By Catherine Wagley
By Catherine Wagley
By Wendy Gilmartin
By Jennifer Swann
By Claire de Dobay Rifelj
By L.A. Weekly critics
By Catherine Wagley
By Zachary Pincus-Roth
“They forgot to turn on the fans,” said a theater rep during the intermission of Molière’s The Bourgeois Gentilhomme. It was opening night at Santa Monica’s City Garage and such an oversight was understandable and revelatory but not for the reasons the theater would have hoped.
The “fans” are not theater supporters but blades suspended in the sky to circulate the air. I take it back because when they were functioning in Act 2, the temperature was sustained at a pleasant 75 degrees or so, thereby offering the theater more support than one might have imagined.
All was well for the first 20 minutes of Act 1, without the spinning fans. Frederique Michel’s opulent, bawdy, elegant, farcical staging crackled with the 17th-century pomposity the play mocks: ludicrous dialogue, prancing flops, silly wigs and frills and bows. Michel and Charles Duncombe’s translation-adaptation bridged the continental and cultural divide with remarkable ease, largely because everything and everybody was being ridiculed on a stage of red and black, an absurdist uniform, beneath a pair of chandeliers, and to the accompaniment of music composed by Jean-Baptiste Lully (who actually performed as a musician in the first production in 1670, outside the court of Louis XIV.)
Those first 20 minutes also included a miniballet by a pair of dancers in white tights, tutus and masks painted with the tears of a clown. It was all very silly and lovely, and honored the play’s origins — it was first written as a ballet. But the heat! After about 15 minutes, I almost pulled a muscle in my neck trying to wriggle out of the heavy wool coat I was wearing, fearing that if I didn’t shed this layer, I might hyperventilate. And that’s when it became clear that nobody was laughing anymore. They weren’t even smiling. Collectively, we were shrimps in a pot of water, the temperature slowly rising and threatening to seal our fate.
This was evident in one scene between the Philosophy Master (Trace Taylor) dressed in a skin-hugging gown, serving up absurd philosophical precepts with exaggerated articulation — sort of like Margaret Thatcher — to the titular Bourgeois Gentleman (Jeff Attik), who was determined to ingratiate himself into the upper classes. Attik bore expressions of stupendous, blissful stupidity, while Taylor pressed every comedic stop, and I recall asking myself what was wrong with her performance? Why did this production suddenly exist in such a pall of silence? These actors were working their comedy fingers to the bone. One couldn’t plausibly argue that their style was too broad because it’s a farce. It just didn’t occur to me, even after 20 years of reviewing plays, that the room was just too damn hot.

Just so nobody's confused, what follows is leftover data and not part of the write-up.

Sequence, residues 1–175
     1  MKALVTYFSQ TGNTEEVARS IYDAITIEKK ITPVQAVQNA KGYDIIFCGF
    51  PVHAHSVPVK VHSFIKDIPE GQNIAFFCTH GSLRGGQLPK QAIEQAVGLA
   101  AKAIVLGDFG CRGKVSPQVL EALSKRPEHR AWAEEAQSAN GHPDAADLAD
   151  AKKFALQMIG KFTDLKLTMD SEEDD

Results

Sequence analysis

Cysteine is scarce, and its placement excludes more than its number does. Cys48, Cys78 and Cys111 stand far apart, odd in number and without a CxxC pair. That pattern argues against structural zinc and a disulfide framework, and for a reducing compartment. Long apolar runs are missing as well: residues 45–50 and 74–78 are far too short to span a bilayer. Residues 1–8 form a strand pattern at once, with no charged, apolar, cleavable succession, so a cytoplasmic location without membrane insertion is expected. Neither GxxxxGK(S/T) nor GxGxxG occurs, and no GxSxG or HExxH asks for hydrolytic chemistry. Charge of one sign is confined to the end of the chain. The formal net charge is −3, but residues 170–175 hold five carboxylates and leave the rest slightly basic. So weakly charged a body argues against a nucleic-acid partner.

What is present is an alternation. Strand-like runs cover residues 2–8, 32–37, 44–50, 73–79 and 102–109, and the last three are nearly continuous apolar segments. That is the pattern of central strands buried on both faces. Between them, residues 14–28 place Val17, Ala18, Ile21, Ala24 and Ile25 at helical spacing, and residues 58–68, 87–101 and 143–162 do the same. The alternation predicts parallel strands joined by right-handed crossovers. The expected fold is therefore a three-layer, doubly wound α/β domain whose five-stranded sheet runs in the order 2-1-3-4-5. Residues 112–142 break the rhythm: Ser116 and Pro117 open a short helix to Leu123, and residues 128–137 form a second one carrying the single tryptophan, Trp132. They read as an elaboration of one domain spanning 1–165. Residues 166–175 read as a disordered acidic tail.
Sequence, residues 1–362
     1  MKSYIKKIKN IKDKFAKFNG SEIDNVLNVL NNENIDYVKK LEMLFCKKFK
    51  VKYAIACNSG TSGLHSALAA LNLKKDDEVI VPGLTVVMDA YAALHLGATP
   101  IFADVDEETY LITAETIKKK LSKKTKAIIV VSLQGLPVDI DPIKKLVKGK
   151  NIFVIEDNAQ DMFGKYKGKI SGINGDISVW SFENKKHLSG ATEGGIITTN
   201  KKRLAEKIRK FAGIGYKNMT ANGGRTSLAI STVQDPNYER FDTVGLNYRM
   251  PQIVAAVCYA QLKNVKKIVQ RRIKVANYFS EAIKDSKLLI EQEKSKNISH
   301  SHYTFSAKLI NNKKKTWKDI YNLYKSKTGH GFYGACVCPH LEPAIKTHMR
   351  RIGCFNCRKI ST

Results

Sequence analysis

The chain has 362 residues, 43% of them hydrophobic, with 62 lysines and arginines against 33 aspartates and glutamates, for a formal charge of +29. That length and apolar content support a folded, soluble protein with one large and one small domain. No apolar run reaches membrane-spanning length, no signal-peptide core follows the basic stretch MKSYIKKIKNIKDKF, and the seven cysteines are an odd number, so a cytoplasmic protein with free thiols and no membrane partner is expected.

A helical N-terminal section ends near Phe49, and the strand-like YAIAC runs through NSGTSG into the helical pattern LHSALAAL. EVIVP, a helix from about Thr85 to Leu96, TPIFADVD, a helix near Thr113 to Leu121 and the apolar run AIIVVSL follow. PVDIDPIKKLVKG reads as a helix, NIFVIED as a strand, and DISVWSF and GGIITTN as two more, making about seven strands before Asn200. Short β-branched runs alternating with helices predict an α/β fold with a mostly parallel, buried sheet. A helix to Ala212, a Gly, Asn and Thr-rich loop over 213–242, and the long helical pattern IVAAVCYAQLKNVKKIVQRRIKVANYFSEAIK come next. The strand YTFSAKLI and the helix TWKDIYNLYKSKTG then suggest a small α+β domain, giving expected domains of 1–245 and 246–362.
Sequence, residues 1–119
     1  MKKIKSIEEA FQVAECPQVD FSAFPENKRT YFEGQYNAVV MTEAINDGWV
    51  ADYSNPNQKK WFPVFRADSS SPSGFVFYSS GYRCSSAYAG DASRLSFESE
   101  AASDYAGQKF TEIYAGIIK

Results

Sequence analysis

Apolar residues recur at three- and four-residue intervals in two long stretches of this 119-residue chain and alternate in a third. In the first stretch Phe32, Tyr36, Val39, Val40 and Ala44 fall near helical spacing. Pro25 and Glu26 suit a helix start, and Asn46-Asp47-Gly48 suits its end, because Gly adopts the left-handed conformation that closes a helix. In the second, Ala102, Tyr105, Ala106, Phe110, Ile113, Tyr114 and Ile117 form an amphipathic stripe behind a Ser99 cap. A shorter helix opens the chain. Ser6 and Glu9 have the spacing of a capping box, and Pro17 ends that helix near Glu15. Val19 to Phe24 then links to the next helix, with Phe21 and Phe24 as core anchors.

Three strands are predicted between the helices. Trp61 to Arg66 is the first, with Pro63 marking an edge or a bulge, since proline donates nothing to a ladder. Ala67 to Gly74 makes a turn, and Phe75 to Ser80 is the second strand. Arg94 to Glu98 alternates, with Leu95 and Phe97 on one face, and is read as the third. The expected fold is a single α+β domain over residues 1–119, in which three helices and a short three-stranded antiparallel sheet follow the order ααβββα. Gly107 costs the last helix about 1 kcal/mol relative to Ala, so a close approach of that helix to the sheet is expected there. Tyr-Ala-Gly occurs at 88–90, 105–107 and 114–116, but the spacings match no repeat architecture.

It’s been said that comedy has a maximum refrigeration temperature of 75 degrees, and here was its living example.
By Act 2, the theater had been aired, the fans were spinning, and the comedy was back to crackling. This hadn’t been a dramaturgical problem but an atmospheric one. Theater practitioners slave to get every stage moment meticulously timed, each gesture and movement crafted for the maximum emotional or comedic effect. The fragility of the entire enterprise is exposed when the lights aren’t bright enough for a comedic scene (shadows too can kill laughs, though they’re perfect for suspense and intense dramas), or a heat wave suffocates mirth the director and actors have been sculpting for weeks.
Frank Wedekind’s Spring Awakening is a stormy, sexy turn-of-the-last-century drama about adolescence and seething hormones in a Teutonic society that seems today unfathomably repressed. Even on Broadway at the Eugene O’Neill Theatre (where a January closing notice was recently posted for Steven Sater and Duncan Sheik’s musical adaptation), the stomping expressionism of Bill T. Jones’ choreography reached out across the footlights and slapped you around a bit.
Variations on that production are now touring all over the country – including here at the Ahmanson, where the size of the theater has required director Michael Mayer to amp up the scale of his already very stylized staging.
Onstage, and in onstage bleachers, where members of the company are planted amidst the audience, heads gyrated to and fro as though possessed by demons, which I’m sure is the point. I wondered if I was out of touch, that people could be so possessed by a spectacle I was responding to as a glorified amusement-park extravaganza. When I understood that the possessed were actually supporting players, the fakery of it started to wear.
What’s the difference between a Grand Kabuki treatment that’s an inflation of underlying passions, and mechanical robotics that temper a play’s sensitivities, if not eviscerate them? I found myself dazzled by the stagecraft yet unmoved. Had the soul of the musical simply floated away? Very possibly: The Ahmanson’s hall is large enough to lose a soul or two in.
Again, the atmosphere, the space, the air that surround the action of a play defines and describes it as much as the actors. Hedwig and the Angry Inch was undone by the Henry Fonda Theater, much too large for its cabaret-punk essence. George C. Wolfe’ssatire of racial identity, The Colored Museum, opened at New York’s Public Theater, where the rumblings of subway trains could be heard through the walls, forming an essence of its inner-city ambiance. When they brought it to the Taper, it suffocated in the cushions.
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